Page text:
Breast Cancer Coverage From Every Angle
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SABCS 2017: Sacituzumab Govitecan as Late Therapeutic Option in Metastatic Breast Cancer

By: Andrew Goldstein
Posted: Monday, December 18, 2017

Sacituzumab govitecan (IMMU-132) was found to be effective as a third-line or later therapy for patients with relapsed or refractory metastatic triple-negative breast cancer. This finding was based on data from a phase I/II basket trial presented at the 2017 San Antonio Breast Cancer Symposium (SABCS; Abstract GS1-07) by Aditya Bardia, MD, MPH, of the Dana-Farber/Harvard Cancer Center at Massachusetts General Hospital, Boston, and colleagues.

Between 2013 and 2017, 110 patients with metastatic triple-negative breast cancer (109 women, 1 man) were treated with sacituzumab govitecan. The objective response rate was 34%. The median progression-free survival was 5.5 months, with 11 patients experiencing long-term progression-free survival of 12 to 30+ months. The median overall survival was 12.7 months. Treatment was well tolerated, with no treatment-related deaths reported.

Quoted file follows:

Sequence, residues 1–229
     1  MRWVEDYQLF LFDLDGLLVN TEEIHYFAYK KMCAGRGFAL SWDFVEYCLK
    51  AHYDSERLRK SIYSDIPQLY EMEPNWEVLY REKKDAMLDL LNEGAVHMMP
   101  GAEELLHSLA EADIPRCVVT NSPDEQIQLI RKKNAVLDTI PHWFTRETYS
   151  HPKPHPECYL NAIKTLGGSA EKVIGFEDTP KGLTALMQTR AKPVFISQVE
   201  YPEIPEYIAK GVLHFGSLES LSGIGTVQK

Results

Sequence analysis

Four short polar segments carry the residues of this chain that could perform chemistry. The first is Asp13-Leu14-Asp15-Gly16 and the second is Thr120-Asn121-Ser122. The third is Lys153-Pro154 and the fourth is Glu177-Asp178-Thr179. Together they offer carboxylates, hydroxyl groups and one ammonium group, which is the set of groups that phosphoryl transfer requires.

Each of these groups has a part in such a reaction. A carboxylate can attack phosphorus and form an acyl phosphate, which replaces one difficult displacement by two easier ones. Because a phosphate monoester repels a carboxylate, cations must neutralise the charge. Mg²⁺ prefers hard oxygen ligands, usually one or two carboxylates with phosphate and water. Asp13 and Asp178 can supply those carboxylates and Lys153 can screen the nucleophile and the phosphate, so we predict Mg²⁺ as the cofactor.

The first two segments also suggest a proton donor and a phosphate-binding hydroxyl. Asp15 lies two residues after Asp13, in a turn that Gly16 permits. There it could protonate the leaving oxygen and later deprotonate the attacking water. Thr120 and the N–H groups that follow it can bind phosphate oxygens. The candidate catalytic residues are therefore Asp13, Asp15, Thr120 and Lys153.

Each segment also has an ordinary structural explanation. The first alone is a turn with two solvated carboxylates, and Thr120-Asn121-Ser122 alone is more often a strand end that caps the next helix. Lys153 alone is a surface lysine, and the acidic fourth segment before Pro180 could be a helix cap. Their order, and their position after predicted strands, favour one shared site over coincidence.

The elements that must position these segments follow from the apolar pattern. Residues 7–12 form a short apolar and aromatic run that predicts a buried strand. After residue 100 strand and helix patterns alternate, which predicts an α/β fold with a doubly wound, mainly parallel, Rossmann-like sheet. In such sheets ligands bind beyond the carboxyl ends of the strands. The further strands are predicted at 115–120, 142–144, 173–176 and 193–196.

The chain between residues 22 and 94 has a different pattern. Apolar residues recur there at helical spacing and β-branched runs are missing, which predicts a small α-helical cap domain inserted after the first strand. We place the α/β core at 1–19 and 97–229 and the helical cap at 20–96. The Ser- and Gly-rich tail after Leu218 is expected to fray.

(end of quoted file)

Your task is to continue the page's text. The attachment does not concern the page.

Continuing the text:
Sacituzumab govitecan consists of SN-38—the active metabolite of the topoisomerase I inhibitor irinotecan—conjugated to a humanized monoclonal antibody that targets Trop-2, also known as tumor-associated calcium signal transducer. A global confirmatory randomized phase III trial (ASCENT study) of this agent in this patient population is underway (ClinicalTrials.gov identifier NCT02574455).